Chaos Patch (#95)

Last and most radically-degenerated Yule Chaos Patch. Back in Shanghai a couple of hours ago, with no idea at all what is happening in the world or (roughly equivalently) on the Internet. Feel free to fill in any of the most absurd gaps.

Here are a couple of very recent discussion points: Refragmentation. The advantages of repressive state religion.

January 3, 2016admin 36 Comments »
FILED UNDER :Chaos

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36 Responses to this entry

  • The Electric Philosopher Says:

    Well I’m just going to take shameless advantage of the situation and post links to my reviews of Phyl-Undhu and Chasm:

    http://the-electric-philosopher.blogspot.co.uk/2015/12/phyl-undhu-by-nick-land-review.html

    http://the-electric-philosopher.blogspot.co.uk/2015/12/chasm-by-nick-land-review.html

    [Reply]

    Child of Parent Reply:

    I’ve also just finished reading Chasm. A review will coalesce itself shortly. In the mean time, I would like to hear more about this (taken from the appendix):

    > 111 – Sexual repression, pushed to an extreme, advances the mechanics of abstract literature. Puritanism is here set to dark work. Lovecraft (once again) exhibits the pattern. Whatever hides can be latched onto other hidden things.

    This is Foucault’s Repressive Hypothesis is it not? Is the point to withhold the reveal? To deny it, so that it may hyper-focus our attention upon it? Can we do more than just suppress the reveal? Can we deny its existence altogether?

    [Reply]

    Posted on January 3rd, 2016 at 3:09 pm Reply | Quote
  • SVErshov Says:

    https://www.rt.com/usa/327762-armed-bundy-militia-oregon-ranchers/

    Nevada rancher Cliven Bundy’s three sons and “about 150” militiamen have occupied the Malheur National Wildlife Refuge HQ to protest the pending imprisonment of two Oregon ranchers accused of arson, arguing the federal government has no authority in local cases.

    [Reply]

    Posted on January 3rd, 2016 at 3:15 pm Reply | Quote
  • Rasputin Says:

    Better than Idaho:

    http://amazinguniverse.net/there-is-a-secret-network-of-psychedelic-temples-hidden-beneath-the-alps/

    [Reply]

    Kgaard Reply:

    Beautiful. I’m always amazed at the recurrence and consistency of psychedelic imagery across time and geography. It’s as if when you get a human into a psychedelic zone the same kinds of images are spontaneously vomited forth (often literally) by the mind. The ayahuasca-fueled art of the Amazon looks a lot like the stuff in this Italian Alps cave. Ditto much Islamic art.

    Perhaps not coincidentally, here is Italian futurist Joseph Stella from the 1920s … I think he was baked when he created this. The tip-off is the eyes of the Madonna:

    http://www.arts-wallpapers.com/galleries/joseph_stella/imagepages/image21.htm

    This painting is in the High Museum in Atlanta. Very powerful.

    [Reply]

    Posted on January 3rd, 2016 at 4:09 pm Reply | Quote
  • Brett Stevens Says:

    Most interesting article of the week:

    http://tech.slashdot.org/story/16/01/02/0119259/irans-blogfather-facebook-instagram-and-twitter-are-killing-the-web

    Consolidation = entropy.

    [Reply]

    grey enlightenment Reply:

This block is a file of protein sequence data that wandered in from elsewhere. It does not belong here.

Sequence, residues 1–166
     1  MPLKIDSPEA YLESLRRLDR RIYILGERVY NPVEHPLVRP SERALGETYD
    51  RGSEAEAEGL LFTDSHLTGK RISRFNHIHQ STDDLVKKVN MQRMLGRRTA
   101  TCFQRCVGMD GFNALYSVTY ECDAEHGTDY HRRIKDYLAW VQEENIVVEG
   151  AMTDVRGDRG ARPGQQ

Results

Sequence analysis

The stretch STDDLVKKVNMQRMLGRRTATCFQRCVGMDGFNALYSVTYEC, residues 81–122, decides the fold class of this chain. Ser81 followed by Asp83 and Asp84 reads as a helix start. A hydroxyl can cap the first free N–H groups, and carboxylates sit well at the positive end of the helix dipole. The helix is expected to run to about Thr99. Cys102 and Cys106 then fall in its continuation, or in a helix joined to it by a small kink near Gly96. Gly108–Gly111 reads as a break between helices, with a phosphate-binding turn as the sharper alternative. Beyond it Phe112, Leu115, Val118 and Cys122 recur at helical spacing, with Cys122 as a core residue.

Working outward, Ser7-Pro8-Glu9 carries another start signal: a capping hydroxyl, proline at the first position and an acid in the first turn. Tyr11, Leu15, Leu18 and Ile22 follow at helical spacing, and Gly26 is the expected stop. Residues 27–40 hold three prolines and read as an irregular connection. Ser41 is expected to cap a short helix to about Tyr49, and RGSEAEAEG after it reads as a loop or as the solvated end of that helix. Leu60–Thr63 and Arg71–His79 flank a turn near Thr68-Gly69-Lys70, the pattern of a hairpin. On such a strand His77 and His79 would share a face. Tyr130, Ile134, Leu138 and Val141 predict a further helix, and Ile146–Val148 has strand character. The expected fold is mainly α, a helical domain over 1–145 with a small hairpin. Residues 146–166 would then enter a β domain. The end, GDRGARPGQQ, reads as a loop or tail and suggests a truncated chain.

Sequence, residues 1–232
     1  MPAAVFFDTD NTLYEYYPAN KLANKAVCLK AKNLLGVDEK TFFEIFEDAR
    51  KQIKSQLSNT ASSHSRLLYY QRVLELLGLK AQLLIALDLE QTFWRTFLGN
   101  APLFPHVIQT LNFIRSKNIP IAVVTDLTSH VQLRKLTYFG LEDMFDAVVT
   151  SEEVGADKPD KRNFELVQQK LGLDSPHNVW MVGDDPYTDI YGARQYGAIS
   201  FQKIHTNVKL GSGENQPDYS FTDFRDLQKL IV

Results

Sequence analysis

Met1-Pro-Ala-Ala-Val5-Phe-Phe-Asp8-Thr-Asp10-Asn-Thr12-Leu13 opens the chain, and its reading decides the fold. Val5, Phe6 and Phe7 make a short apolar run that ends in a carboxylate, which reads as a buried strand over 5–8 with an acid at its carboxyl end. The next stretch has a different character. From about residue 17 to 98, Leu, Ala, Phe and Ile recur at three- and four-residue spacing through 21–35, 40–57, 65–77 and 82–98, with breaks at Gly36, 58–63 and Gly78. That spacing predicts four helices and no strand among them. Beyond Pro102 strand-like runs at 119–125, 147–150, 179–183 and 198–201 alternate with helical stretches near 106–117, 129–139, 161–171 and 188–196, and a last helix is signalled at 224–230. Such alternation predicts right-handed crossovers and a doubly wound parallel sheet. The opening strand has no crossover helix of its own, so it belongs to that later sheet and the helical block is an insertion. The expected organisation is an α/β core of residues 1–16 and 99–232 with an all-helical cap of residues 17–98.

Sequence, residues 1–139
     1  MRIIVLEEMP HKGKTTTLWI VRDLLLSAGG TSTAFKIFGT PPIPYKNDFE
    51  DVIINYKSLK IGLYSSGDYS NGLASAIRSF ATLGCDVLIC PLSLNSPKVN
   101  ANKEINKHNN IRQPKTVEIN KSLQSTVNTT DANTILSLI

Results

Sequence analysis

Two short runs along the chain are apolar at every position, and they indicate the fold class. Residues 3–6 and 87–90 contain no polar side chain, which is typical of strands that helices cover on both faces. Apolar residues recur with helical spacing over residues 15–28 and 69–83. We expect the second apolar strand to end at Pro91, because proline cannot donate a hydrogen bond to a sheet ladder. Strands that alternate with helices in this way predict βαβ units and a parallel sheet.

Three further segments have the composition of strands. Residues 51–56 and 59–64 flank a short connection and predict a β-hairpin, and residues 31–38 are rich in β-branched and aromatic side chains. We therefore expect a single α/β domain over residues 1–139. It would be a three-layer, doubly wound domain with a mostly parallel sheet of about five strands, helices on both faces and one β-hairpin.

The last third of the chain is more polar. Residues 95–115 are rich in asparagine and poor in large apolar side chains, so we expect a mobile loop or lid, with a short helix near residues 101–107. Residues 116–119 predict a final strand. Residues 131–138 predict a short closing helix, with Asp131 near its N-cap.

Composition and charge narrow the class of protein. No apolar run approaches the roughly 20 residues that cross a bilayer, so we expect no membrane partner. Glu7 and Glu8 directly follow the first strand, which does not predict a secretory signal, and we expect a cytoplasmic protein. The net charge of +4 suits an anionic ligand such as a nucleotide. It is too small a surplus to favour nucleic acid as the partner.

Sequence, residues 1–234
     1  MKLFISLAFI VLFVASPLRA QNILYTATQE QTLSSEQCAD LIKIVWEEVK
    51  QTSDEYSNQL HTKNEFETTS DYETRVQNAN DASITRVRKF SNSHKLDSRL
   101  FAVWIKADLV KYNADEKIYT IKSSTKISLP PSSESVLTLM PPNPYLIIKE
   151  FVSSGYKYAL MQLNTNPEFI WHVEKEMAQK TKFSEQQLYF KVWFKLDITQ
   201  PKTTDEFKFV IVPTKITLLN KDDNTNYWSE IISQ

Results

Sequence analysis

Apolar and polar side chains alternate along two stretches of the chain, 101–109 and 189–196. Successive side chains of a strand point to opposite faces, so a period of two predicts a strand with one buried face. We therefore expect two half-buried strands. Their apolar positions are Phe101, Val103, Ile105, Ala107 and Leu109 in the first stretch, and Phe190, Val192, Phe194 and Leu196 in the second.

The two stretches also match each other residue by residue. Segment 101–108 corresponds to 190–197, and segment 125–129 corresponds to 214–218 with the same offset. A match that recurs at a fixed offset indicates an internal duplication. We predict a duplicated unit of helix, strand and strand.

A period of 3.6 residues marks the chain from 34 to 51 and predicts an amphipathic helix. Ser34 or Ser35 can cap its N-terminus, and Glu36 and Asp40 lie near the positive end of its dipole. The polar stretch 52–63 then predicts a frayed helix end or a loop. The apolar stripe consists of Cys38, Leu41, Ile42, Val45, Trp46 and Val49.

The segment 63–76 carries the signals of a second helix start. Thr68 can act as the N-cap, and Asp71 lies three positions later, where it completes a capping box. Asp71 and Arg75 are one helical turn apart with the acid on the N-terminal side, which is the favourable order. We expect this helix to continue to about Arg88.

how can it kill the web when it’s a part of the web? As Facebook, Amazon, and Google can attest, the web is healthier than ever. Hyperlinks are still used everywhere and have not been devalued. Waitbutwhy articles for example are shared thousands of times on Facebook and social media though links that lead back to the site.

    [Reply]

    Posted on January 3rd, 2016 at 5:01 pm Reply | Quote
  • Brett Stevens Says:

    Another useful piece: William S. Burroughs on Mexico and how third-world nations run themselves.

    http://penetrate.blogspot.com/2015/12/william-s-burroughs-on-mexicans-and.html

    [Reply]

    Posted on January 3rd, 2016 at 5:11 pm Reply | Quote
  • Kwisatz Haderach Says:

    Refragmentation is an essay I know I will be coming back to over time.

    One crucial corporation which he spared from his relentless analysis was the government. He dog-whistles it, for those who are clued in, with this:

    Many of the mid-century oligopolies had been anointed by the federal government…This didn’t seem as dubious to government officials at the time as it sounds to us. They felt a two-party system ensured sufficient competition in politics. It ought to work for business too.

    Consider that sovereign powers are corporations whose product is organized violence. From this perspective, they are no different than other corporations. The WashCorp model is the vertically integrated model, a historically contingent “evolutionary phase”, replete with the same efficiencies as the 1928-era Ford Motor Corporation and doomed to the same fate. The Al-Qaeda – Hizbollah model is the future of organized violence: contractors and sub-contractors selling individual components of organized violence. This critical lens also fortells the doom of Islamic State, as they are striving to evolve into a dinosaur just a few moments before Chicxulub is scheduled to land.

    [Reply]

    Different T Reply:

    Consider that sovereign powers are corporations whose product is organized violence.

    Considered. Consider that this analysis is not only shallow, but harmful.

    WashCorp’s products are public services (welfare) and order (administrative and judicial). Comparing them to guerilla AQ or Hezbollah is ludicrous. And you do realize that when AQ turns from guerilla to ruling, they try to provide the same aformentioned services?

    If you are saying the future looks like a bunch of guerilla AQ providing “organized violence,” (aka Afghan warlords) over domains that have (unlike Afghanistan) valuable resources and pliable terrain, they are prime “acquisition” targets of future “1928-era Ford Motor Corporation” and quite unlikely to last. IOW, they would create the environment for the “historically contingent ‘evolutionary phase'” you say brought about WashCorp.